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SOME ACCOUNT OF THE

LIFE OF MILTON,

JOHN MILTON, fon of John and Sarah Milton, was born on the 9th of December 1608, at the house of his father, who was then an eminent fcrivener in London, and lived at the fign of the Spread Eagle (which was the armorial enfign of the family) in Bread-street. The ancestry of the poet was highly respectable. His father was educated as a gentleman, and became ab member of Chrift Church, Oxford; in which fociety, as it may be prefumed, he imbibed his attachment to the doctrines of the Reformation, and abjured the errours of Popery; in confequence of which, his father, who was a bigotted papist, difinherited him. The student therefore chofe, for his fupport, the profeffion already mentioned; in the practice of which he became fo successful as to be enabled to give his children the advantages of polifhed education, and at

"The xxth daye of December 1608 was baptized John, the fonne of John Mylton, fcrivenor." Extract from the Register of All-ballerus, Bread-Street.

See the Note on Ad Patrem, vol. vi. p. 333.

VOL. I.

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length to retire with comfort into the country. The grandfather of the poet was under-ranger or keeper of the forest of Shotover, near Halton in Oxfordshire; and probably refided at the village of Milton in that neighbourhood, where the family of Milton, in remoter times, were dif tinguished for their opulence; till, one of them having taken the unfortunate fide in the civil wars of York and Lancafter, the eftate was fequestered; and the proprietor was left with nothing but what he held by his wife. There is a tradition that the poet had once refided in this village, while he was Secretary to Cromwell. The mother of Milton is faid by Wood, from Aubrey, to have been a Bradshaw; defcended from a family of that name in Lancashire. Peck relates, that he was informed fhe was a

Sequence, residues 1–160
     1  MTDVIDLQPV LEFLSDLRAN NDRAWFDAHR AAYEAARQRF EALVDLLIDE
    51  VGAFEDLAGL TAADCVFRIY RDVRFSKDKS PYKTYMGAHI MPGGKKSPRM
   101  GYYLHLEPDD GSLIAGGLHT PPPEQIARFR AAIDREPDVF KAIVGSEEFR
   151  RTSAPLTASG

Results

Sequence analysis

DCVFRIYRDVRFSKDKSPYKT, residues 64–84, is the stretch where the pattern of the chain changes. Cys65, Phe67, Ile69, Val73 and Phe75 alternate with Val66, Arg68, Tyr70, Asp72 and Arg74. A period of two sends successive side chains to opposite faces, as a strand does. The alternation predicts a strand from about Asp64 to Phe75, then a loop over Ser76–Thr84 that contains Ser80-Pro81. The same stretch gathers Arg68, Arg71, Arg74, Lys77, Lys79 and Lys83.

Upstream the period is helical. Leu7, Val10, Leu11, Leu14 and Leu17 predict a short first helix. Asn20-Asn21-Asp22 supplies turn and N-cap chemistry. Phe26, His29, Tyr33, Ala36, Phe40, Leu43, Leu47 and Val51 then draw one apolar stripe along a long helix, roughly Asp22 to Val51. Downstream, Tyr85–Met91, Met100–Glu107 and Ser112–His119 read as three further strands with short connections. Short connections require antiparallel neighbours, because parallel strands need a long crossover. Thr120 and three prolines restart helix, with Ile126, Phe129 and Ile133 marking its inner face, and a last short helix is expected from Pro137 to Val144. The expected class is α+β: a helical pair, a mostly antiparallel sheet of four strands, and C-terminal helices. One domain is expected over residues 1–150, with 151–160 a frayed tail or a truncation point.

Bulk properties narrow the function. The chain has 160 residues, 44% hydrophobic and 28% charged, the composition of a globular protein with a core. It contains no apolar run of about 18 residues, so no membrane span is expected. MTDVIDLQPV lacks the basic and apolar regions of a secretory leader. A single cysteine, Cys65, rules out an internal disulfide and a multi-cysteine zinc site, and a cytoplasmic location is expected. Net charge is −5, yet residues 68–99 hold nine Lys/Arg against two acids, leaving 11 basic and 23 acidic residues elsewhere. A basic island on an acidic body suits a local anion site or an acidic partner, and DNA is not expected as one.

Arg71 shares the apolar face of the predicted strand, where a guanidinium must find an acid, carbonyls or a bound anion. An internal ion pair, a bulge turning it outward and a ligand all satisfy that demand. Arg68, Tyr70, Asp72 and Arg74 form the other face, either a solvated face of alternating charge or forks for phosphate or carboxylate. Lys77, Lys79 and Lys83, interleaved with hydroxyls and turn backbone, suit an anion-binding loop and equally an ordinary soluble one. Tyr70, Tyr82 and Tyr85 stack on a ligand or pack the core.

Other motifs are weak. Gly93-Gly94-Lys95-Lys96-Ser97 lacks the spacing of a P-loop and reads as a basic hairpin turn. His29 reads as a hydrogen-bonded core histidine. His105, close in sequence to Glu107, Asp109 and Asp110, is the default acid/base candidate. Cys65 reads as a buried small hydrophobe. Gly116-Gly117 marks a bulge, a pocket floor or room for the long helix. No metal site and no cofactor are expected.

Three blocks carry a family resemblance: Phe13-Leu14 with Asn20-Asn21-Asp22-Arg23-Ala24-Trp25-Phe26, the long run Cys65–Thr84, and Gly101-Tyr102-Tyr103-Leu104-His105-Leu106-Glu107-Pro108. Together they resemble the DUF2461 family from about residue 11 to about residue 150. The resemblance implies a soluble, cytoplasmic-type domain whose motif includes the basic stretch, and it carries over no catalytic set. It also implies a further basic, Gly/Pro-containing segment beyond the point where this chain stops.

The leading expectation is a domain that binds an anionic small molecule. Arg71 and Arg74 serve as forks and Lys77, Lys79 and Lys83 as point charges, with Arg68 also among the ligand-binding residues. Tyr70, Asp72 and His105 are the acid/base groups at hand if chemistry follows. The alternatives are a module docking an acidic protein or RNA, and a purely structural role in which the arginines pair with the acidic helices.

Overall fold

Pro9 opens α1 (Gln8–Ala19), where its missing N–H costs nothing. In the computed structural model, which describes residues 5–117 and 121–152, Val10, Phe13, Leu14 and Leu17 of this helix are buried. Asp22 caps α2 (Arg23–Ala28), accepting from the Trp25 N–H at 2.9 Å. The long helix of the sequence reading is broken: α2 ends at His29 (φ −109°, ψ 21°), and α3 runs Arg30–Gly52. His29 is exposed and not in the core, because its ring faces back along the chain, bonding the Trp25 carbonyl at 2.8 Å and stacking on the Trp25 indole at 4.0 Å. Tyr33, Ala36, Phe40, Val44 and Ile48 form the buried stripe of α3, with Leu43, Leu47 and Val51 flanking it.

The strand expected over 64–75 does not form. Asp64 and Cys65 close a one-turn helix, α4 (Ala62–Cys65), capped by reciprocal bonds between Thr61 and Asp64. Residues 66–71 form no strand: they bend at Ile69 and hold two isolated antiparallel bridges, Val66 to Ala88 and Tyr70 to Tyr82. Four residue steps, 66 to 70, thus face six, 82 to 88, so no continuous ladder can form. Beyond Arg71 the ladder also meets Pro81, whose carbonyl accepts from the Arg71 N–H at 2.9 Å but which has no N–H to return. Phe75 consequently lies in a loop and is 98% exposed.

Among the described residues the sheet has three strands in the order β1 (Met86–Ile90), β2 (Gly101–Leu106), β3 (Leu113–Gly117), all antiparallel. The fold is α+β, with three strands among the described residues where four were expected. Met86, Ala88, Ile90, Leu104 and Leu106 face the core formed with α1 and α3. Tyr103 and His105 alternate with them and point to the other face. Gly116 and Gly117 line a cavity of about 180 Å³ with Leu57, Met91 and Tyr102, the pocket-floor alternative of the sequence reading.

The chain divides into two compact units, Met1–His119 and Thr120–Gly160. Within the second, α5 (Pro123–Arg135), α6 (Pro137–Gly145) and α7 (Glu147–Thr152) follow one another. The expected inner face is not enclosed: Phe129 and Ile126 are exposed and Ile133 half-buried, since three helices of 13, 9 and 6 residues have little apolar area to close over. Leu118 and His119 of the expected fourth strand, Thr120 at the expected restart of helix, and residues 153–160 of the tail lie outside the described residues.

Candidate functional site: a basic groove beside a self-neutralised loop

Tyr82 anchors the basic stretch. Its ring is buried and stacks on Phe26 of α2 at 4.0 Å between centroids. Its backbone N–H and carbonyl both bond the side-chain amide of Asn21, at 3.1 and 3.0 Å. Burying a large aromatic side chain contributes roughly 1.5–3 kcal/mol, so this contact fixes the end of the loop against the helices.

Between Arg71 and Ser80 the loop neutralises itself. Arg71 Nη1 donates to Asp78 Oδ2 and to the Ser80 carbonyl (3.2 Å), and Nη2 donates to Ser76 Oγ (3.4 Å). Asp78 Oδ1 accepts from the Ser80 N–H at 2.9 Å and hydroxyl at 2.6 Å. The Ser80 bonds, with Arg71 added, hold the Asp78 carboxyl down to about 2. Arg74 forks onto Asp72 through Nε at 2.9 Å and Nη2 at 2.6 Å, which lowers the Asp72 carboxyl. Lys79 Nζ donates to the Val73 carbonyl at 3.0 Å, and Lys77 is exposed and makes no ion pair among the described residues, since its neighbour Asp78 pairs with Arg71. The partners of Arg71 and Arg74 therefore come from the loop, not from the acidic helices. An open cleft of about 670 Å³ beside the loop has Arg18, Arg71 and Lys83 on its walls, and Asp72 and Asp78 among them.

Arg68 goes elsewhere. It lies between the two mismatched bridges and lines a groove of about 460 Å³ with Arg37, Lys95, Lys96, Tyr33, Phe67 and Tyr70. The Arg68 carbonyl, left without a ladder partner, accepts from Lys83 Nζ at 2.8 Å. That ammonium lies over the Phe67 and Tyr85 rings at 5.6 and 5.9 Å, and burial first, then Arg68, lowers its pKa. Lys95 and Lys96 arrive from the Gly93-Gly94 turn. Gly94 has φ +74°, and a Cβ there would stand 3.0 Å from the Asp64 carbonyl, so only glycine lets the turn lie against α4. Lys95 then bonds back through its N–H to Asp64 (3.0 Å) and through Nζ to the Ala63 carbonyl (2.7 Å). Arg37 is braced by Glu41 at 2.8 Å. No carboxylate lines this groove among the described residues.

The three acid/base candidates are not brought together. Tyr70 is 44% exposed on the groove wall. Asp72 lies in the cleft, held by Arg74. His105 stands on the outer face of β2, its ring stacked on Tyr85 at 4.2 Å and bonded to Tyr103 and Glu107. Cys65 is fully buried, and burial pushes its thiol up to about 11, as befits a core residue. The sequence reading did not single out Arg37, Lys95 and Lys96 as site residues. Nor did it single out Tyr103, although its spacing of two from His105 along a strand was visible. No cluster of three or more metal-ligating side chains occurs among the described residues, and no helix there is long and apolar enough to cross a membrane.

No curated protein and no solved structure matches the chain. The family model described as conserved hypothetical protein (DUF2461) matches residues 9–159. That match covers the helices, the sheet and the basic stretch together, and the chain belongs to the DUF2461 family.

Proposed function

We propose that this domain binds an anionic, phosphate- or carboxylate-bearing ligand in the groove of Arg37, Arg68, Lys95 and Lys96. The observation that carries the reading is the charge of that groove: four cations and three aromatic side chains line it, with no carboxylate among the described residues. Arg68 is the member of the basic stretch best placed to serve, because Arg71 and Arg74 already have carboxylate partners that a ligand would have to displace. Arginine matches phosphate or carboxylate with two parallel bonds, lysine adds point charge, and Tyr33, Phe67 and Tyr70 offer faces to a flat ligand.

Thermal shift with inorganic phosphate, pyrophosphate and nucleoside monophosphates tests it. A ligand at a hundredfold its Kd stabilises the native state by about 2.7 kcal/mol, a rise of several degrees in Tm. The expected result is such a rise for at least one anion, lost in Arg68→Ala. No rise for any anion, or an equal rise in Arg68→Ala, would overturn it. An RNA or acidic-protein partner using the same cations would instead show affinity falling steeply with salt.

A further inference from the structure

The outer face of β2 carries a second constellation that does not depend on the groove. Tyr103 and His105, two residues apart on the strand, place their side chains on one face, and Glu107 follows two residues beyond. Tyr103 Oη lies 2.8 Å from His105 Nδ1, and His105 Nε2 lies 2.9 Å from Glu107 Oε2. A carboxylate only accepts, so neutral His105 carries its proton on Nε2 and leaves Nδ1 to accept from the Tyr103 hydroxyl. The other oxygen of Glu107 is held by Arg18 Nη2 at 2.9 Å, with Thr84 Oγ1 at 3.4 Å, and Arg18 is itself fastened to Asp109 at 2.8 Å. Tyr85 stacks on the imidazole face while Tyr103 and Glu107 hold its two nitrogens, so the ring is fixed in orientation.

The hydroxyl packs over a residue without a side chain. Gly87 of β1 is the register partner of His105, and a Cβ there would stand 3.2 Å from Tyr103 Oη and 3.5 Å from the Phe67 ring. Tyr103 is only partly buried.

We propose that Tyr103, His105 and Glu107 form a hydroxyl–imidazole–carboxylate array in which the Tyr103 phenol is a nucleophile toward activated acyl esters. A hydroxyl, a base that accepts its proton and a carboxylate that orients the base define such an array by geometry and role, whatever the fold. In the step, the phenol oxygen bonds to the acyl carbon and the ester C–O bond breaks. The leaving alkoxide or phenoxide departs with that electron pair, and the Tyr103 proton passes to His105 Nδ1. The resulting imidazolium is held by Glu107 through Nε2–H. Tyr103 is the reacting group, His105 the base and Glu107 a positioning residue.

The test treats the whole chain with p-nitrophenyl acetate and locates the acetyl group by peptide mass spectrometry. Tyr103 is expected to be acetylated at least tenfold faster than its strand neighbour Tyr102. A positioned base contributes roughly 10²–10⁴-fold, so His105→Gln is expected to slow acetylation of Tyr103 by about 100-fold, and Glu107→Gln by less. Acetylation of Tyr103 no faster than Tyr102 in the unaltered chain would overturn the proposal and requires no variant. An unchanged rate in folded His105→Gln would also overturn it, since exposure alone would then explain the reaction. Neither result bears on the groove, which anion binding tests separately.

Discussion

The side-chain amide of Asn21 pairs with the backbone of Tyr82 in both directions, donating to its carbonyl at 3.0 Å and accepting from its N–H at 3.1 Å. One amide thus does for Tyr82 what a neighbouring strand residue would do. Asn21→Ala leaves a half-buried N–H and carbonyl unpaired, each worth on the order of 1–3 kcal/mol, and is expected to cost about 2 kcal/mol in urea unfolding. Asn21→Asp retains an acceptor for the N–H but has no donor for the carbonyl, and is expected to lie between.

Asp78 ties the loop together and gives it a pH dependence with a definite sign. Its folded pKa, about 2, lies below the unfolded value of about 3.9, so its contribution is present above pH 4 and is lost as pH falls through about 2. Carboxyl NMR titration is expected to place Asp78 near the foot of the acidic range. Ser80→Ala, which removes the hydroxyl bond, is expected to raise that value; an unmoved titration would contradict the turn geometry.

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In the Registers of Milton, as I have been obligingly informed by letter from the Rev: Mr. Jones, there are however no entries of the name of Milton.

Philips, Milton's nephew, fays that the family refided at Milton near Abingdon in Oxfordfire, as appeared by the monuments then fo be feen in Milton church. But that Milton is in Berkshire; and Dr. Newton fearched in vain for the monuments faid to exift in that church.

The information of Wood is moft probably correct, that they Lived at Milton near Halton and Thame.

4 Philips's Life of Milton, 1694. p. iv.

e Communicated to me by letter from Milton.

f Fafti Ox. vol. i. p. 26z, &c. chiefly taken, as Mr. Warton has obferved, from Aubrey's manufcript Life of Milton, preferred in the Ashmolean Mufcum, Oxford.

• Memoirs of Milton, 1740. p. i.

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Haughton of Haughton-tower" in the fame county. But Philips, her grandfon, whofe authority it is most reasonable to admit, 1 affirms, in his Life of Milton, that she was a Cafton, of a genteel family derived originally from Wales. Milton himself has recorded, with becoming reference to the refpectability of his defcent, the great esteem in which fhe was held for her virtues, more particularly for her charity.

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His father was particularly distinguished for his musical abilities. He is faid to have been "ak voluminous compofer, and equal in fcience, if not in genius, to the best musicians of his age." Sir John Hawkins and Dr. Burney, in their Hiftories of Mufick, have each felected a fpecimen of his fkill. He has been mentioned alfo by Mr. Warton, as the author of " A fixefold Politician. Together with a fixe-fold precept of Policy. Lond. 1609." But Mr. Hayley agrees with Dr. Farmer and Mr. Reed in affigning that work rather to John Melton, author of the Aftrologafter, than to the father of our poet. Of his attachment to literature, however, the Latin verfes of his fon, addreffed to him with